"Who the hell wants to hear actors talk?
H.M. Warner, Warner Bros.,1927
Continuing my predictions for 2011, with the general theme of “hopefully you haven’t heard this one before”.
Number 3: The (IT) Empire Strikes Back
Information technologies are a big part of the success story behind voice of the customer programs in general. Trying to engage thousands of employees and hundreds of thousands of customers (in any kind of coordinated exercise) is generally considered to be, first and foremost, an exercise in technology enablement. Net Promoter as a discipline puts the Information Technology cat amongst the data pigeons by suggesting that everyone on the front line with the customer will be getting context specific real time reporting and closed loop support. And that’s just for starters.
Net Promoter data will create a major information resource for corporations that provides segmented attitudinal data in a scale and detail that companies have never had before. Heck, this could be the best database the company has; after all, unlike your CRM database, you know these customers exist as they replied to your survey! Data mining will suddenly seem very exciting, as will the opportunity to finally connect all those CRM data sources to your NPS data to our social media data etc etc.
Of course, all of this is non-trivial, and a lot of it will require IT assets from within the firm that have previously been out of the loop. NPS program leaders who effectively outsourced IT to their Software-as-a-Service vendors in the past will find they need a lot more internal support if they are going to make all these systems work together. And, with perfect timing, IT organizations are becoming increasingly aware that those “in the cloud” systems that their internal clients are buying outside their controls are becoming part of the information lifeblood of the business.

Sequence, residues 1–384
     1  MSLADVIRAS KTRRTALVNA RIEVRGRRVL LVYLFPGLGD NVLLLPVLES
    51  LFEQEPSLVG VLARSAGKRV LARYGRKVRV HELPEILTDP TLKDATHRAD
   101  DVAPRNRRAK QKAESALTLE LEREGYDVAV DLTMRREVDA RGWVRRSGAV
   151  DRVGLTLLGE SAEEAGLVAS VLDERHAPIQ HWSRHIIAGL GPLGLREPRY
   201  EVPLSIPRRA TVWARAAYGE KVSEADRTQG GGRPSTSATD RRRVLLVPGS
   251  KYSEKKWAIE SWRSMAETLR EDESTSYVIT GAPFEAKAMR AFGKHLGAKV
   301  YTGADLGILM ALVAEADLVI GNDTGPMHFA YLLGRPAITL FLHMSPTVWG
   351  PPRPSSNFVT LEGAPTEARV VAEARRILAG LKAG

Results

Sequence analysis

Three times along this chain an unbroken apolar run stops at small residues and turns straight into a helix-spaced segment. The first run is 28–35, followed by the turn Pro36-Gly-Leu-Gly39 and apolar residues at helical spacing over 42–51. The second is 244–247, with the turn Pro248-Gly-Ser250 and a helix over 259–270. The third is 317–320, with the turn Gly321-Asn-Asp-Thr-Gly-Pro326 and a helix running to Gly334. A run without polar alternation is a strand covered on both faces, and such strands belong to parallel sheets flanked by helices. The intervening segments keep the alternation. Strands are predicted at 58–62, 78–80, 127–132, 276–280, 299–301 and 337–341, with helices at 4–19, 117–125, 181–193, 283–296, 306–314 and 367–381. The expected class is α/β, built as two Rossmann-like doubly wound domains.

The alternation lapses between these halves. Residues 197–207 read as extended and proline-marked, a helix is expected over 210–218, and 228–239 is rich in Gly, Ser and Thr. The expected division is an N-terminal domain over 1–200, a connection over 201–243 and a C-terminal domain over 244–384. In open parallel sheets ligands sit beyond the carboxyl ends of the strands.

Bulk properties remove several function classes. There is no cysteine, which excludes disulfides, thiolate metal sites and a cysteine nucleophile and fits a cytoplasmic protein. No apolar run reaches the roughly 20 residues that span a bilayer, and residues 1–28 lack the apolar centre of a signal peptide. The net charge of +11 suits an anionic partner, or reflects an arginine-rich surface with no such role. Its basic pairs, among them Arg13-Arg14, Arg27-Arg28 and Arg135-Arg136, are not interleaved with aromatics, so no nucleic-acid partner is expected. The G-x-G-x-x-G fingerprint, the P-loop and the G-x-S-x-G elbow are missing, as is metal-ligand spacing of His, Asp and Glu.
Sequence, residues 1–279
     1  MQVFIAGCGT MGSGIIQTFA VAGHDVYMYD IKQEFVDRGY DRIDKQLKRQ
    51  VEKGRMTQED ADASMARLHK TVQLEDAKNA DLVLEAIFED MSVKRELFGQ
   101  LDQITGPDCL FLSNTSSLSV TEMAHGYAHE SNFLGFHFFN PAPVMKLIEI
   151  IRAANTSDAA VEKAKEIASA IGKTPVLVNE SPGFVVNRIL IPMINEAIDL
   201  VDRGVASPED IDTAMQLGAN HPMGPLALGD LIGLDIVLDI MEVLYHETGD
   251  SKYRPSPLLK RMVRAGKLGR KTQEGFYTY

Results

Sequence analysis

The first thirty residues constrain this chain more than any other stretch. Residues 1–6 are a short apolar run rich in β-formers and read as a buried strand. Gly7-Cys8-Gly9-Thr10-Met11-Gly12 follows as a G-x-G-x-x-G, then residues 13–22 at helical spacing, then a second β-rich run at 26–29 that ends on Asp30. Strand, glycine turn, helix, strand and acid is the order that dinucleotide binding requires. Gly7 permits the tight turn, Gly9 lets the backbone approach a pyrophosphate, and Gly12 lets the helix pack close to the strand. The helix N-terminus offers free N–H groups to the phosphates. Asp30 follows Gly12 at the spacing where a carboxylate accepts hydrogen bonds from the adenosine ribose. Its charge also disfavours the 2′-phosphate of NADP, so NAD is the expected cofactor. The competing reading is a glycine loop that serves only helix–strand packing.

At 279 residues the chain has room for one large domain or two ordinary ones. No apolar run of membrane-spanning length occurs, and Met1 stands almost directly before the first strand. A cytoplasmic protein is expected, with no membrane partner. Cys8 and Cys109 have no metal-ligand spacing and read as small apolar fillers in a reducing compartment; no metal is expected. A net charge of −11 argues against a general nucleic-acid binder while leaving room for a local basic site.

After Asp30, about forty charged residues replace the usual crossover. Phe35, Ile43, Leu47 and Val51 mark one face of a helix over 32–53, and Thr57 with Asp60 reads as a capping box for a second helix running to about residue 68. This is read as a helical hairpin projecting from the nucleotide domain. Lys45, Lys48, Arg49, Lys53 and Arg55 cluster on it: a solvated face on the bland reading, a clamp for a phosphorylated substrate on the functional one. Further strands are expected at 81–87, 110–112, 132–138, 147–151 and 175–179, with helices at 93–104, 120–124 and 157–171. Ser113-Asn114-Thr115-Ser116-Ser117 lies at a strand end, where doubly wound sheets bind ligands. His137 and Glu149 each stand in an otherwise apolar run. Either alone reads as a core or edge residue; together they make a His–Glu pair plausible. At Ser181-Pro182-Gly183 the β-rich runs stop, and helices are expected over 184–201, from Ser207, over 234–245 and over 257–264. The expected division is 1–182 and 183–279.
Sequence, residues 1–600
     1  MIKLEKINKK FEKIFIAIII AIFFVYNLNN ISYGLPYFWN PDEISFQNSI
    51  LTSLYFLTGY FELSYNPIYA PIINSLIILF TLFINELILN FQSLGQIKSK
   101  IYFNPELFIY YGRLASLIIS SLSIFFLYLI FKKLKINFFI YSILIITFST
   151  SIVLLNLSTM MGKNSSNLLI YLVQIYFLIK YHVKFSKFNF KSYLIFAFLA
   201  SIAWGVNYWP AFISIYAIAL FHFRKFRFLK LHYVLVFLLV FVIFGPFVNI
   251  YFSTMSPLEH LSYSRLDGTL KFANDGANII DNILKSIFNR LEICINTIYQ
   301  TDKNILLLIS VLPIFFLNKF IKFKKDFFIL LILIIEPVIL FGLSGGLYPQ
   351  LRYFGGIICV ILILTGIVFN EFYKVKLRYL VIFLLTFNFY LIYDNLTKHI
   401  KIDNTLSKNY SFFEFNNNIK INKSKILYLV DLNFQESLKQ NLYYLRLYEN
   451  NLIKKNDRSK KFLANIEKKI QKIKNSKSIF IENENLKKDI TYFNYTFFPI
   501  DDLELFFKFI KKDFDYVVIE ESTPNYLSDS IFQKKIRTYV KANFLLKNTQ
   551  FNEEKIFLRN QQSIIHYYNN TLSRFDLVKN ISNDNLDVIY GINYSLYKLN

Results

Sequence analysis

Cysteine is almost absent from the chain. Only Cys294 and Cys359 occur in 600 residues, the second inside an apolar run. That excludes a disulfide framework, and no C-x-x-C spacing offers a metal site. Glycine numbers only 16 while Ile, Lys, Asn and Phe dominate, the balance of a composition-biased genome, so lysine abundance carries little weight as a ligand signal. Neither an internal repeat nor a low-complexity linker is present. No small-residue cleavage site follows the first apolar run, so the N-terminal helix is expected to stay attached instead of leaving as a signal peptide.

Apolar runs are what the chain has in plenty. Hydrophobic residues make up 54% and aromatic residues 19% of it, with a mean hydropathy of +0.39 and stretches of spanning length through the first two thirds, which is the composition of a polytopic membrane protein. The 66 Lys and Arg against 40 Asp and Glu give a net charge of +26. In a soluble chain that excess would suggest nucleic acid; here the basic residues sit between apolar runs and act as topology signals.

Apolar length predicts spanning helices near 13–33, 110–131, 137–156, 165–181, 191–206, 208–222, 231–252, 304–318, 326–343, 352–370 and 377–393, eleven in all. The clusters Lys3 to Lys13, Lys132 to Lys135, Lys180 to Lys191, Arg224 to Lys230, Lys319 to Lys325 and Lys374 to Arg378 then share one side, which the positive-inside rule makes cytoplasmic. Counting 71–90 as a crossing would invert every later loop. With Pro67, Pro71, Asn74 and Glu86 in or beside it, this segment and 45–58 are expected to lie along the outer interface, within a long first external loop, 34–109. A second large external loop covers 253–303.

It’s a marriage for sure. Shotguns optional.
If you are running your Net Promoter program, expect a lot more IT department dependencies, involvement and complexity as your program becomes a mainstream information systems initiative.
Number 4: Some things won't happen
It should, in theory, be easier to predict something won’t happen than predict it will. After all, there are a finite series of things that will occur, and an infinite list of those that won’t. But there is something to learn from looking at good ideas that just don’t seem to gain traction so I’m picking a couple.
Employee Promoter Score is my first. Don’t get me wrong, I’m all in favor of employee loyalty, and just about every program should care about employee adoption of NPS. But formal employee loyalty process stays in the sidelines for most companies as they either go through the motions, or just skip the idea altogether. I know I’m going to get upset emails telling me about how great your employee loyalty program is, but all I can say is “well done, thanks for sticking with it”. My bet is you are a minority.
Equally egregious will be the lack of investment in reference programs. I love reference programs; I keep thinking that every b2b firm should have a sophisticated approach that takes known promoters and funnels them into a database which then… well, you probably get the picture. Some of the case studies are exceptional. People won’t fund it sufficiently.
Please feel free to prove me wrong on both these.